Martha did not look nor act like any of the other Miller children. She was a delight, so pretty, so photogenic, so full of life. The other Miller children were very serious. Martha excelled in music, was a great cheerleader at school, very popular, and a blonde. The other Miller children had dark hair and all needed glasses for nearsightedness. Martha did not need glasses.

All the kinds of differences adoptees growing up with other children who are biological to the adoptive parents are very familiar with – the feeling of not really belonging in the family you are growing up in. In fact, Martha’s mother actually told her later, “I really didn’t expect that much from you, because I knew that you weren’t our child.” For Martha, that was a hard thing to hear.

The older girls, who Martha was raised with as sisters, had “sort of” always known about the possibility that “Marti” wasn’t their biological sister. They had vague memories of their parents talking about it, after they brought Martha home from the hospital, about how this baby looked different from Mrs Miller’s other babies, and that maybe this baby had been switched.

Mrs Miller ended her revelatory letter with this – So now we are both aware of what happened 43 years ago. We love you, Martha Jane– I’m sorry. We love you, Martha Jane, as dearly as our other six children. I think you know that you will always be our daughter. But I thought each of you should know your biological and spiritual backgrounds. And know you have mixed feelings about this revelation. I have much anguish and many tears.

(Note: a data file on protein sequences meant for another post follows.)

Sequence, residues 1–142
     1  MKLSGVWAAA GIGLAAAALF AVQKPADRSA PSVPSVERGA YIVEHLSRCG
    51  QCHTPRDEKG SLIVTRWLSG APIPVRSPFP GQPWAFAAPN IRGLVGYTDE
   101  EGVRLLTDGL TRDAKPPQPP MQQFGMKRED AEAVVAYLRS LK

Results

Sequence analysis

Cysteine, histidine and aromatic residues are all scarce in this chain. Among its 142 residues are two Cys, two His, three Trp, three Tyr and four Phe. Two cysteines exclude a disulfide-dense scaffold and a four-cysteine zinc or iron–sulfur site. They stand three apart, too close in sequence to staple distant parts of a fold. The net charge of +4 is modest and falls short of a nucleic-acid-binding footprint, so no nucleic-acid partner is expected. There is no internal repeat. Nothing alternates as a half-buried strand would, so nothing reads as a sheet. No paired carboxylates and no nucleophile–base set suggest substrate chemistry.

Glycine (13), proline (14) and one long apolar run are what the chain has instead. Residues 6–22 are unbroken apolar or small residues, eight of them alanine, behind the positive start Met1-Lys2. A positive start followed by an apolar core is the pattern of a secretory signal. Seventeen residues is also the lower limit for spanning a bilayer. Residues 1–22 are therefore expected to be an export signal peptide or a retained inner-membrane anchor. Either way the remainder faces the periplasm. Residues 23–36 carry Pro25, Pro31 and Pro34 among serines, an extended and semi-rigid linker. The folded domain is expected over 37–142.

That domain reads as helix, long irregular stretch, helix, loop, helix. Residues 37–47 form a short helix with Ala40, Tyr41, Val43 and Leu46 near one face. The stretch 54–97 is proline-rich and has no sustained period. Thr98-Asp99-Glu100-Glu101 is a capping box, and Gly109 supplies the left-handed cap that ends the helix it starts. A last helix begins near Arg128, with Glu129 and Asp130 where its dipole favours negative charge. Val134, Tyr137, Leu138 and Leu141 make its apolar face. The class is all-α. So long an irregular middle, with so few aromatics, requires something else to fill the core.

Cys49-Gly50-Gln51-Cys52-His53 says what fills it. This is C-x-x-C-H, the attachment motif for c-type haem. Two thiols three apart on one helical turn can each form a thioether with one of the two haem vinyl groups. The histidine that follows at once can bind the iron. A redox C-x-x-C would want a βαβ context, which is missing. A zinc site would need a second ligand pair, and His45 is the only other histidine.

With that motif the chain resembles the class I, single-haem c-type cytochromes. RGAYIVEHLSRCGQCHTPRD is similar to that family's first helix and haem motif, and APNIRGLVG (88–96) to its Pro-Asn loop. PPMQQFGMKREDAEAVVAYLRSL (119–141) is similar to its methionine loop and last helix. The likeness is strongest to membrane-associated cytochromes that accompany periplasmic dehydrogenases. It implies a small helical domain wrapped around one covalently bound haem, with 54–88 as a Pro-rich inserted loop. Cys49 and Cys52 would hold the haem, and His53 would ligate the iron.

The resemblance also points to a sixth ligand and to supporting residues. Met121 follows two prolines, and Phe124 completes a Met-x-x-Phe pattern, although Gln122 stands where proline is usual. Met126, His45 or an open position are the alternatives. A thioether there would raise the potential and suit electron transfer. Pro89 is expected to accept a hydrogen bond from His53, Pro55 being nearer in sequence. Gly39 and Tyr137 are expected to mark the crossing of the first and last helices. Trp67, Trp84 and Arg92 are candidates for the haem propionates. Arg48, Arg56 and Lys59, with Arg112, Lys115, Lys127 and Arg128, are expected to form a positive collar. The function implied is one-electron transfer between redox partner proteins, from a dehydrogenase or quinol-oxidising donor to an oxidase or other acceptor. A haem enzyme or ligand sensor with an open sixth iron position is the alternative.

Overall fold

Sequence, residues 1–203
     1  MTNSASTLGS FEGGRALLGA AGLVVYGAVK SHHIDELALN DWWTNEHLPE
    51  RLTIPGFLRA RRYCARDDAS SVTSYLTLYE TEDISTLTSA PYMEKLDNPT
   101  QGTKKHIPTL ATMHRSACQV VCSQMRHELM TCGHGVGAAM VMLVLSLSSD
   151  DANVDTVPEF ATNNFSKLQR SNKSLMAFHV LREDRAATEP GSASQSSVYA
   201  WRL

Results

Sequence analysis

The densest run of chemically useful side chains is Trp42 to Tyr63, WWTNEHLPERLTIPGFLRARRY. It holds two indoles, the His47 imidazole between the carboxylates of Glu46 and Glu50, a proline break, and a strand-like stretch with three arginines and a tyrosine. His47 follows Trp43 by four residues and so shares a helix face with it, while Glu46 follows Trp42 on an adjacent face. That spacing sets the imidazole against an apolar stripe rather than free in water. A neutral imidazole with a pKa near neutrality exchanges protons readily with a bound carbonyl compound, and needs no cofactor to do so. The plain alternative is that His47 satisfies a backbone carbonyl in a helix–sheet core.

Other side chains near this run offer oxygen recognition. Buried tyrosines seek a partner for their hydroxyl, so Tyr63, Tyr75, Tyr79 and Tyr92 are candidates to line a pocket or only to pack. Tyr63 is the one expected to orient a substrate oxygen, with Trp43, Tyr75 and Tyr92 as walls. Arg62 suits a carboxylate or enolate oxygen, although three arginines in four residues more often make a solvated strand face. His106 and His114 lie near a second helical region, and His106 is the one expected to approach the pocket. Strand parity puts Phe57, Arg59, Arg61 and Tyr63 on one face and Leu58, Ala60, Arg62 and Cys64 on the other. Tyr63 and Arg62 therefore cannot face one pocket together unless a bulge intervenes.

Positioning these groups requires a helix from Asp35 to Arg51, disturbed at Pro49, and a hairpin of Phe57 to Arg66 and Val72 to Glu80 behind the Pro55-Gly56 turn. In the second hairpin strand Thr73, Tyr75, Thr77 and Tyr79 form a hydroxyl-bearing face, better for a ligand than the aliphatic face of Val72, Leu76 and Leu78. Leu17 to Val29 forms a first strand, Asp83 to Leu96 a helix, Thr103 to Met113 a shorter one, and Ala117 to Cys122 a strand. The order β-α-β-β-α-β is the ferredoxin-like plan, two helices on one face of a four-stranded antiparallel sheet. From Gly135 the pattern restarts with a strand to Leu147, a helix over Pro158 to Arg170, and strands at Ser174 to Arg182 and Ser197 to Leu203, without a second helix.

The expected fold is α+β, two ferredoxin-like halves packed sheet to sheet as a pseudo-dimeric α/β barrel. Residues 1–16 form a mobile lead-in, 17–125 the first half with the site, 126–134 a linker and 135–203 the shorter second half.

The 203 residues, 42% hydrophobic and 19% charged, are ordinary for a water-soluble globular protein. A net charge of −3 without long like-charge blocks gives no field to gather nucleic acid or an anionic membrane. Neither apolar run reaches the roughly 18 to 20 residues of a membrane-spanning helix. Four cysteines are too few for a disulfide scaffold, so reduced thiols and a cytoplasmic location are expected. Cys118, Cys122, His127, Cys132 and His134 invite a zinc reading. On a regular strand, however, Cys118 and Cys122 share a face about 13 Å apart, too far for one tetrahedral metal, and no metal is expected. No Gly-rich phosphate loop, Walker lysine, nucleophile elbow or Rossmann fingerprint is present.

Learning truth like this, as a grown up with children of your own, it is disruptive. That is the kind of news nobody ever wants to hear. And when you get this kind of news as an adult, that your mom isn’t really your mom or your daughter isn’t really your daughter, and at the same time, you have a new mom or a new daughter, it is not so clear what you’re supposed to do with this new parent or new child who’s now in your life. What are you supposed to be with each other?

Sue McDonald was different from the rest of the family in certain ways. She was dark and tall and skinny in a family that was none of those. In a pretty lighthearted household, she was nervous, studious, serious. But that didn’t seem so strange. Even so, when Sue was in junior high, a friend said to her, “you must be adopted, because you do not look at all like your parents.” Sue answered, “I don’t know.” So she asked her mother, “Am I adopted?” And her mother said, “Oh, no, no. I definitely was pregnant and you are my child. I wanted a baby and you’re my baby. You were not adopted.” As to the physical differences, her mom just said – you just take after great-grandpa this or aunt so-and-so.

Now that they know, one of the toughest things both Marti and Sue have to deal with is logistical. Having two sets of parents and two full sets of siblings and cousins is kind of a practical headache. For myself as well. Now that I know my “real” cousins, I still have the adoptive ones and aunts and an uncle from my parents’ adoptions that have been there throughout my life to show concern about.

There is a LOT more to this story, so if you find it interesting, do read the transcript – Switched at Birth.